- by Marni Meistrell
There is plenty of anecdotal evidence to support the assertion that medical marijuana is highly effective, and that has been true for a long time.
But science doesn’t rely on anecdotes alone. Controlled studies are necessary to establish the true healing qualities of any medicinal substance, and to gain a greater understanding of how it functions inside the body.
While more research is needed, findings obtained so far have given us important insights into how and why medical marijuana works for such a wide range of conditions.
The Discovery of the Endocannabinoid System
- A 1988 St. Louis School of Medicine study confirmed what had long been suspected. In the human brain and central nervous system, there are a multitude of receptors capable of binding with cannabis plant compounds, specifically the cannabinoids THC and CBD.
- Four years later, researchers funded by the National Institute of Mental Health discovered the first natural, human-produced cannabinoid, a neurotransmitter called anandamide (others have since been detected).
- Just a year after that, yet another type of cannabinoid receptor was found to exist in the human body, in the organs and support structure of the immune system (the liver, heart, kidneys, gut, spleen, blood vessels, bones and lymph cells).
These receptors and neurotransmitters were collectively labeled the endocannabinoid system, in acknowledgement of their endogenous (produced by the body) origins. From the standpoint of the receptors, there is no difference between endocannabinoids like anandamide and cannabinoids produced by the cannabis plant, meaning they can bind just as easily with THC or CBD as they can with similar substances produced in the body.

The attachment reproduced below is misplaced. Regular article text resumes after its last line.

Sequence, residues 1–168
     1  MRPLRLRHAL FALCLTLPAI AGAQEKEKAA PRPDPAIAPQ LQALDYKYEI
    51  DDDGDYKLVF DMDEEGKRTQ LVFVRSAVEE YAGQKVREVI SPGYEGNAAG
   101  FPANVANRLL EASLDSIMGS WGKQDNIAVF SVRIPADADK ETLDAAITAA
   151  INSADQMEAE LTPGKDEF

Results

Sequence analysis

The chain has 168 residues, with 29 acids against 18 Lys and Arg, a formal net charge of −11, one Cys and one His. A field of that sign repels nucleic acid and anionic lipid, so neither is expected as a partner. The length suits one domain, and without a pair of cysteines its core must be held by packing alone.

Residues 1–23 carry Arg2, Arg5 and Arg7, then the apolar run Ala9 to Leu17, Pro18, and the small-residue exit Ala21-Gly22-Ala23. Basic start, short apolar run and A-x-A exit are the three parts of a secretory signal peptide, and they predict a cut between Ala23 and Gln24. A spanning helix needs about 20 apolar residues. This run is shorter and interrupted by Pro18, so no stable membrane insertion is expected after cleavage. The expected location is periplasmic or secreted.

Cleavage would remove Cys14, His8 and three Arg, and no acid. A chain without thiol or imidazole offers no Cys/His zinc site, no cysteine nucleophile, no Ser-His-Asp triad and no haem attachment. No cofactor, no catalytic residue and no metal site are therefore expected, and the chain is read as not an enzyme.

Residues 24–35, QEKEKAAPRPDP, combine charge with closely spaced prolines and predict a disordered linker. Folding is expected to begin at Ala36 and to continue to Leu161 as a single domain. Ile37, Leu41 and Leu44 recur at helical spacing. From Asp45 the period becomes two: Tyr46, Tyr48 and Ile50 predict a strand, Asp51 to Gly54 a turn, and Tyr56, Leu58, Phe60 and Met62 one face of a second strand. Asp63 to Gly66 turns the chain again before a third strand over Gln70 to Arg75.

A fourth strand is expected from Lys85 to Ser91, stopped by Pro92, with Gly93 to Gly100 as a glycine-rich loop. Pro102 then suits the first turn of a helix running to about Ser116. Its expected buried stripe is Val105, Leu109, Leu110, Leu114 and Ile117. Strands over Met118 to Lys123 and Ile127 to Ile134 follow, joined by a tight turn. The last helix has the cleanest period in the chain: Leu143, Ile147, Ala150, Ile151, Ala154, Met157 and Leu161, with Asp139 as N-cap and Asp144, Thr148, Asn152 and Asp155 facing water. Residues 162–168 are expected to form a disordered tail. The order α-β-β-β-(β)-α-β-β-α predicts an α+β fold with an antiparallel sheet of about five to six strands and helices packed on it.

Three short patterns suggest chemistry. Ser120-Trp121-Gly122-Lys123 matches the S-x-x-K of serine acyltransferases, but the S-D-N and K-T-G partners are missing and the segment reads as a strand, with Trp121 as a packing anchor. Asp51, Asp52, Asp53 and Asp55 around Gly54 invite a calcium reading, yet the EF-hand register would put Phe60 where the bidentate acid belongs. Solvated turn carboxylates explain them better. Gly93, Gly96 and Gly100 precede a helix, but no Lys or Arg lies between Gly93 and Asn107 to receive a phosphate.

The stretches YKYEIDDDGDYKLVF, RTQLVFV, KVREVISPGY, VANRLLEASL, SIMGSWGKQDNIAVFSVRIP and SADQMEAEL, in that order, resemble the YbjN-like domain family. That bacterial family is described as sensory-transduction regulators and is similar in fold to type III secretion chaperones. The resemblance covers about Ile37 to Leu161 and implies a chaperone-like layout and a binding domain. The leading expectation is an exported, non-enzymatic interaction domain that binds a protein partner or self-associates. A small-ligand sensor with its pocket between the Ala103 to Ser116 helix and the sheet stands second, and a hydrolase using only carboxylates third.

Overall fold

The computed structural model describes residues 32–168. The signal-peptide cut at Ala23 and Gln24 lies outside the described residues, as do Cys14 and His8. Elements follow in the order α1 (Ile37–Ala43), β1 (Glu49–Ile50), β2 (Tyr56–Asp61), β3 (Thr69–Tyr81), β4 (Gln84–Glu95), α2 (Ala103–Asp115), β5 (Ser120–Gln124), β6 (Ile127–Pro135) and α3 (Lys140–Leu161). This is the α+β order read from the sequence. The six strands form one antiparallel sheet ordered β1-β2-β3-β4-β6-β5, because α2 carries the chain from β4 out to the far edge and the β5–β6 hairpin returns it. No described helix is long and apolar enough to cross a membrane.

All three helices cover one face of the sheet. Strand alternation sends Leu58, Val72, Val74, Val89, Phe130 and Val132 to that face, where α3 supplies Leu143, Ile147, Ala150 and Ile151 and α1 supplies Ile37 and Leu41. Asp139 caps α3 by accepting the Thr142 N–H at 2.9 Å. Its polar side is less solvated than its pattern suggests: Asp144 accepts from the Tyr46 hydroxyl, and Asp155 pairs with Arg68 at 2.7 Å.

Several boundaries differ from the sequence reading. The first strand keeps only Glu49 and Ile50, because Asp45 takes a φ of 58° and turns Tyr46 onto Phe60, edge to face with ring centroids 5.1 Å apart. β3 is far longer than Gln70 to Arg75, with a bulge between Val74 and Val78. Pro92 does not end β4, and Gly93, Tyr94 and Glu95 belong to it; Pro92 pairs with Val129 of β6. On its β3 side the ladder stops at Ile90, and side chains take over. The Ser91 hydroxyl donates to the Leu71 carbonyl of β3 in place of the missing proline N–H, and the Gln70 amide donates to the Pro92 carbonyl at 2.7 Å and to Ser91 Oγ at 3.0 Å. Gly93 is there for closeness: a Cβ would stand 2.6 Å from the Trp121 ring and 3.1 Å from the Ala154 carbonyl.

Explaining the Therapeutic Value of Medical Marijuana
Endocannabinoids like anandamide are neurotransmitters, but they have a unique function. They act as neuromodulators, which means they affect the overall activity of neuronal groups instead of affecting neurons individually as conventional neurotransmitters do.
Specifically, they can inhibit neuronal groups or systems from acting as strongly or decisively as normal. This can have multiple health benefits, as the endocannabinoid system contributes to our wellbeing in a number of ways (it wouldn’t exist if it didn’t).
The discovery of the endocannabinoid system should have led to a shift in attitudes about marijuana. After all, if the body needs cannabinoids to maintain its health, their source shouldn’t matter.
But resistance to the new scientific findings, and their implications, remained strong for quite some time. Propaganda campaigns were launched by anti-drug forces; they argued that cannabinoids in marijuana products were too powerful for endocannabinoid receptors to handle and would cause more harm than good if used for therapeutic purposes.
Thankfully, these scare tactics were only partially successful, and as time passed unbiased researchers began to take a closer look at how compounds like THC and CBD actually worked in the brain and body. Eventually, they were able to confirm the therapeutic capacities of medical-grade cannabis products, which can help restore health by binding with compatible receptors and boosting the endocannabinoid system’s ability to fight pain, reverse cellular damage and facilitate better immune responses.
When administered as medicine, cannabinoids regulate brain and body processes to counteract the damage caused by various types of illness or injury, and at this point their efficacy in medical treatment is well established. More research on medical marijuana needs to be performed, however, since we don’t yet know the full range of conditions it can help.
The Science is In …. Medical Marijuana Wins
In one form or another, cannabis products have been used for medical purposes on multiple continents for thousands of years. In more recent times, peer-reviewed studies have verified their effectiveness against a number of medical conditions, including cancer, ALS, multiple sclerosis, Parkinson’s disease, arthritis, bipolar disorder, glaucoma, HAV/AIDS, Crohn’s disease, chronic pain and nausea and a whole lot more.
The science proves our bodies evolved with a built-in capacity to exploit the medicinal potential of cannabis. Medical marijuana enhances the body’s ability to heal itself, and its acceptance as a legitimate form of treatment is an immensely positive development in the healthcare field.